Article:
Get Visual is the proud recipient of a grant from The Christos N. Apostle Charitable Trust

Saturday, August 4, 2018

Jenny Hutchinson at Lake George Arts Project

Lilium - oil paint on panel relief (wall-mounted)
I went out of my way recently to see a show by a favorite artist at a favorite venue, and it was well worth the trip. Jenny Hutchinson's work has regularly caught my eye over the last few years in group shows, where only a few pieces could be seen ... but this solo exhibition at the Lake George Arts Project's Courthouse Gallery in Lake George Village, entitled Shifting Perceptions, is a satisfying feast of 30 drawings, paintings, and constructions, many of them brand-new.

Jade - assorted paper relief
with colored pencil and watercolor
In the past, I enjoyed Hutchinson's work in the abstract, reveling in the shapes, colors, and dimensions of her papercuts - but I learned from this collection that her work is more directly taken from nature than I would have imagined.

The 12 small drawings on display provide a window into Hutchinson's thought process, as well as revealing an underlying element of her highly refined technique. The drawings are very graphic - solid black ink on flat white paper - and quite representational, depicting tree roots, wilderness landscapes, and houseplants in their fundamental forms.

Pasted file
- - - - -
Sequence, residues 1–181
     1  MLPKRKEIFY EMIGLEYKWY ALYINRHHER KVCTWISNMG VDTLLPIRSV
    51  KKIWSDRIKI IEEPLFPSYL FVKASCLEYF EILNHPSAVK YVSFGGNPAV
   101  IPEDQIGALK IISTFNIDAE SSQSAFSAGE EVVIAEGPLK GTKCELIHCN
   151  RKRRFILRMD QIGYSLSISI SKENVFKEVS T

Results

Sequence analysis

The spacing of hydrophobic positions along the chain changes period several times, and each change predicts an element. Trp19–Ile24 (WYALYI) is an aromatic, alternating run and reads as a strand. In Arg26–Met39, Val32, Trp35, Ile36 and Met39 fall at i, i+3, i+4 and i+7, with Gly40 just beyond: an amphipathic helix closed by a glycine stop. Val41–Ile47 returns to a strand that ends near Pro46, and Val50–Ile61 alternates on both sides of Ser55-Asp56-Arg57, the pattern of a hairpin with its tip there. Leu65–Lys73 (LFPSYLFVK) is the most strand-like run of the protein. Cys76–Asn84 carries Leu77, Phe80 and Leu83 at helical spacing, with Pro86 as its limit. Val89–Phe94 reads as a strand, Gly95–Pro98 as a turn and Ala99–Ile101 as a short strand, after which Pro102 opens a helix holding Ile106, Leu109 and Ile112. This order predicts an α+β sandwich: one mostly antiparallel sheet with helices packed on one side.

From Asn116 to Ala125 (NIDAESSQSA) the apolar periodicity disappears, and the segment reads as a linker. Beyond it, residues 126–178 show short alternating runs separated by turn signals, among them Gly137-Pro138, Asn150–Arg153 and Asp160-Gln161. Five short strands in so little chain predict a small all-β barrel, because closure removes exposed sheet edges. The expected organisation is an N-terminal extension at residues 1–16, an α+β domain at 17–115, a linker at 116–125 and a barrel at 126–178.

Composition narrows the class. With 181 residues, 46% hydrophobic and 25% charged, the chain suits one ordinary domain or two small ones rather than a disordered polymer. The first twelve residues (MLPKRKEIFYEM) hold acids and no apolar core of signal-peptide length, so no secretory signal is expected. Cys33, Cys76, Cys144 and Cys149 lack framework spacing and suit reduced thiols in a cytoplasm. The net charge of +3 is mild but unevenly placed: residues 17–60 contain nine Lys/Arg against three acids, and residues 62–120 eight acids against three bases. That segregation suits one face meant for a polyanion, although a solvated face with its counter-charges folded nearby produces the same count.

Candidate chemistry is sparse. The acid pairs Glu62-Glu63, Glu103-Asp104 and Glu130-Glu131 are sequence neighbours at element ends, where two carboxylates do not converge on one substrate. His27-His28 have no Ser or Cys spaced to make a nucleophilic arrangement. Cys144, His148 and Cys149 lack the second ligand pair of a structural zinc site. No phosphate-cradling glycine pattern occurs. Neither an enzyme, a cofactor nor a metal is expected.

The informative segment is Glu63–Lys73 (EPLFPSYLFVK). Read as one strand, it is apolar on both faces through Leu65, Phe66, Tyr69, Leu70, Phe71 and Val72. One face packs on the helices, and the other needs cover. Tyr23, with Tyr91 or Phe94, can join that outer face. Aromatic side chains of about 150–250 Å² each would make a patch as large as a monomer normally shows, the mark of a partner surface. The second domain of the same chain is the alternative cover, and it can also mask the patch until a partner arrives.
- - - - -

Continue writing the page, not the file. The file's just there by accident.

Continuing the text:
Alstroemeria - assorted paper relief
with colored pencil and watercolor
From these drawings, Hutchinson builds elaborate yet honed designs in flowing line and rich color, often layering thin paper or thicker panel to add a third dimension. I find the work fun to look at, as it playfully opens sneak peeks through its surfaces, yet the intense but limited palette range that the artist chooses for each piece creates a sort of tension beneath the beauty, while shadows liven the layers.

An artist statement that accompanies the show says, "Each artwork draws inspiration from my passion for the beauty of the outdoors and plants. The selected color palette is informed by different times of the day and the lighting effect that impacts our apprehension of color." This seems to answer the question of why the work is so appealing, yet so much more than decorative - like nature itself, Hutchinson has learned to use color to deeply affect the viewer. It's a terrific show.

Note: If you don't want to miss this show, you must hurry - its last day is Friday, August 10.

Reflection (detail) - watercolor, colored pencil and acrylic paint
on paper mounted on stained wood